LeadingSmart

Practical Stuff for Church Leaders

For the Days When You Just Want To Get The Band Back Together Again

Due to the generosity of some amazing folks, our leadership team was relaxing in an amazing beach side home on the East Cape of the Cabo peninsula in Mexico. It was January 2011, and we had an entire week to think, sleep, plan, talk and share life with each other without the unrelenting schedule that awaited us back home.

When I close my eyes, I can still picture the long table where we shared our meals. It was inlaid with turquoise ceramic pieces, arranged and colorized to form a beautiful beach sunset. The table was outdoor on the patio overlooking the ocean, under a pergola of sorts that was supported by root-wrapped natural logs. Above us, over the table, hung 15 or 20 lantern-like light fixtures, each with a different bulb casting calm shadows over the intimate gathering below.

Looking to the head of the table, I see Mark telling hilarious stories, and Sheila who sat next to him laughing as though it were the first time she’d heard the story. Rob and Michelle were seated next, commenting on the amazing guacamole that Waltz had just crafted. Across from Laura was Jason, who was the master chef for tonight’s meal and was enjoying eating it as much as he had enjoyed making it.

Kem and her husband sat immediately to my left—Kem, easily bouncing from personal conversations to happiness-grunts as she exclaimed several times how much she was enjoying the food, and her husband, quietly observing the whole event with the eyes of a sage who speaks rarely, but with profundity and wisdom when he does. DC and Brooke, with their newborn baby, were seated on my end of the table, next to my wife Faith—who always gravitates toward babies. I watched the whole thing with a mixture of wonder, awe, emotion, and disbelief that God had brought us together, and that I was lucky enough to sit at this table.

This is my team. 

 A team we had worked years to pull together.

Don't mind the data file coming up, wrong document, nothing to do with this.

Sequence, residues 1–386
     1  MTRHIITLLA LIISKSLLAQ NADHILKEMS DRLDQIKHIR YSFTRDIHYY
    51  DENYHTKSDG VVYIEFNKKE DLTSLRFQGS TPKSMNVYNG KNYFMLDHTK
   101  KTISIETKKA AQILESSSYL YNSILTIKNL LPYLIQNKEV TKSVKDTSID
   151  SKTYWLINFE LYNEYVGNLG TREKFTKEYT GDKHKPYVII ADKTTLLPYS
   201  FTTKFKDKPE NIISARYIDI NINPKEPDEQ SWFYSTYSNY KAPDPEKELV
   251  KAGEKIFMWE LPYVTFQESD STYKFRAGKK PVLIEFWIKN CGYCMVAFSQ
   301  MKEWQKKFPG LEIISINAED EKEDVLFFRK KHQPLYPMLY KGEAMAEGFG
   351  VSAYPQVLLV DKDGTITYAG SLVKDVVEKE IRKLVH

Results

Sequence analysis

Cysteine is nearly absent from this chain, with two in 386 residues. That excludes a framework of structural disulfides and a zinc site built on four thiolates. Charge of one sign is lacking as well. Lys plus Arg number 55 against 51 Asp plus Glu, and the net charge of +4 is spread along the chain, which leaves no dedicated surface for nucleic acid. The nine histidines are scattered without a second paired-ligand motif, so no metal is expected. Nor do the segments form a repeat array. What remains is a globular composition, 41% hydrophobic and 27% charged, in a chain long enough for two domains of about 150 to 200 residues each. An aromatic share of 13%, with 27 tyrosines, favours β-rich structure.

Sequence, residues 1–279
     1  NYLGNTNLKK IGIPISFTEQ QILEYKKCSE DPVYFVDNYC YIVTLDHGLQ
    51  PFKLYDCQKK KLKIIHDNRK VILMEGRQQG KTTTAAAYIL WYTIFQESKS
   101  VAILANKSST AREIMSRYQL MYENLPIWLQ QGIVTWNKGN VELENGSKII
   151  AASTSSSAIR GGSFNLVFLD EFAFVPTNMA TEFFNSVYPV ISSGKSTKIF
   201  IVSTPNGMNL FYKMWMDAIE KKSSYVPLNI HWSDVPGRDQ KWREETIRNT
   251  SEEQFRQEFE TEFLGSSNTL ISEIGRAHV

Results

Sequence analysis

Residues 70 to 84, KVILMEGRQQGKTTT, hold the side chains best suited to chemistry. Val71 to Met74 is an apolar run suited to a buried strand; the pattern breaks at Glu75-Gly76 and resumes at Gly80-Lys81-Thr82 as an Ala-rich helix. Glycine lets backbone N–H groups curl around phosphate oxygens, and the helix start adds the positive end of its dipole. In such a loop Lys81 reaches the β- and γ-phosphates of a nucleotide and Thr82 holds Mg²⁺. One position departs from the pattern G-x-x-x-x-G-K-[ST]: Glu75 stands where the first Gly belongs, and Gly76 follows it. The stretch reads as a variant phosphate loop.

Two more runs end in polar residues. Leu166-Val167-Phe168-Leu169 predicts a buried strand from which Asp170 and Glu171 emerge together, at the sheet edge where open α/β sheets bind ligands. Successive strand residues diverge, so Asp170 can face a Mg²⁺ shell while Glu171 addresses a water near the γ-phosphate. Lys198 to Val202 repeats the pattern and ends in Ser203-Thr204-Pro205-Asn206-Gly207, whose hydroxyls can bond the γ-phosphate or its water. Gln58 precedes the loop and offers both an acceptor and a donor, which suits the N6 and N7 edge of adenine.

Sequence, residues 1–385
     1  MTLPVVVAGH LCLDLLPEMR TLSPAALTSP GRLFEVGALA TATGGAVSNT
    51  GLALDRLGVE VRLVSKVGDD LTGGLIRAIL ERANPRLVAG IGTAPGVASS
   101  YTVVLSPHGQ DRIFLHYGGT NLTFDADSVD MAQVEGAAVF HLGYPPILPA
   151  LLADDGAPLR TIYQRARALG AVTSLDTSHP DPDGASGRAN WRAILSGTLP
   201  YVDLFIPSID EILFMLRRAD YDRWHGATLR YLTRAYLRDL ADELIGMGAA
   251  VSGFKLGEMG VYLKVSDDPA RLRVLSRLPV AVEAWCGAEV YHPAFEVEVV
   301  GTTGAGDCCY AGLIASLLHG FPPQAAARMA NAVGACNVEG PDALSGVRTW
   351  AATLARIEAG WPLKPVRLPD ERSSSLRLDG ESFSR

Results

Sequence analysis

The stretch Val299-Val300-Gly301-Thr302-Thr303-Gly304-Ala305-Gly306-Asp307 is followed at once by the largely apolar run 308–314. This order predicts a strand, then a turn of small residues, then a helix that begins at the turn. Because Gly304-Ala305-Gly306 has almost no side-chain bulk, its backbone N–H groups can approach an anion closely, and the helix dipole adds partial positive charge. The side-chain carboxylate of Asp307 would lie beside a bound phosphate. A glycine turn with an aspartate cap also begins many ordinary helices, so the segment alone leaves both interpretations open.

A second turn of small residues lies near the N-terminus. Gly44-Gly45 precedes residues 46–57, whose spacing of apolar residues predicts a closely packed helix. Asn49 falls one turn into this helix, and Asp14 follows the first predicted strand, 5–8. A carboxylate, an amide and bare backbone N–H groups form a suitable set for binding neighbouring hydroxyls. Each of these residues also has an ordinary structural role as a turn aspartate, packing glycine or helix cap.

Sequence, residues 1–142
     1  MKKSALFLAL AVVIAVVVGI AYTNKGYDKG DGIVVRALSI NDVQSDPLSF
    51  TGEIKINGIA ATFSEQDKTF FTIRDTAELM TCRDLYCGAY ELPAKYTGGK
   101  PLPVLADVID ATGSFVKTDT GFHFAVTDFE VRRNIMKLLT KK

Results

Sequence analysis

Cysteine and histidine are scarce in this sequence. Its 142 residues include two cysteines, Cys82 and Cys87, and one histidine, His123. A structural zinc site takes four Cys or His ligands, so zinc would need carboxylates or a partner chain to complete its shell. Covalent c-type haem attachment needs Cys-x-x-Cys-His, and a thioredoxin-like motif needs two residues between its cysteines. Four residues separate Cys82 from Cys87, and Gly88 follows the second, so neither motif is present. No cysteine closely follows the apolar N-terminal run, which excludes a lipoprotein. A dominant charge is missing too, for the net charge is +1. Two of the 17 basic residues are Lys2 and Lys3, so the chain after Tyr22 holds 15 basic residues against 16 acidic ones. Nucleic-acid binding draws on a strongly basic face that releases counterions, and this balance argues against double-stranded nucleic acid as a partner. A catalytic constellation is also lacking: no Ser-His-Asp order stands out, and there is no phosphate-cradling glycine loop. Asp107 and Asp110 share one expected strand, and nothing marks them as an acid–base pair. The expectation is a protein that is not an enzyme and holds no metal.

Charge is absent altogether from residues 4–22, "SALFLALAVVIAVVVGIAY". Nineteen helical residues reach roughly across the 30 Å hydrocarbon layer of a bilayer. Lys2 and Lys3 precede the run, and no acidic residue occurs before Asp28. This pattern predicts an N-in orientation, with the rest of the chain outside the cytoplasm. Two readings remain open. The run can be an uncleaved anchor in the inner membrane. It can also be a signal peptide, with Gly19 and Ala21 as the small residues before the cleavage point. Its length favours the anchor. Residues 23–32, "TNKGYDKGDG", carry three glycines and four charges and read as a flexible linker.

A team that was clicking like never before.

A team that had just spent the past 18-months pouring over, dreaming about and writing a new, and very different vision for our community of faith.

Our hearts were aligned.

I don’t think any of us expected it to end. In our hearts on that night, and in that season, we were going to stand by each other and with each other many years into the future.

But not too long after that, the team began to unravel. We lost DC & Brooke pretty suddenly. None of us saw it coming, and it sucked the wind out of our sails. We still moved ahead and launched the new initiatives, but soon thereafter our leader began questioning whether he really wanted to go down this new road. The vision was quietly dismantled, painted over on the walls and scrubbed from the website, and soon business as usual took root. That caused Rob to look for a different place to serve, and soon after I made the same decision. A few months later Kem left. And recently Jason has moved on to pursue a new dream.

There are nights in the past two years when I have laid awake remembering the "glory days" and wishing they could return. I have wondered where the train went off the rails and whether there was anything I could have done to keep it motoring along. I have relived the hilarious stories, intimate talks, tears, debates, and struggles that we walked through together.

Honestly, there are days when I just want to get the band back together again.

Maybe you’ve had the same thought. Why can’t things be like they used to be?

Perhaps your “band” is your family, back when the kids were little and life was simpler and everyone ate dinner together. You didn’t have to work so hard to find the one week a year when you could get everyone together. Back then, you ate dinner together every night.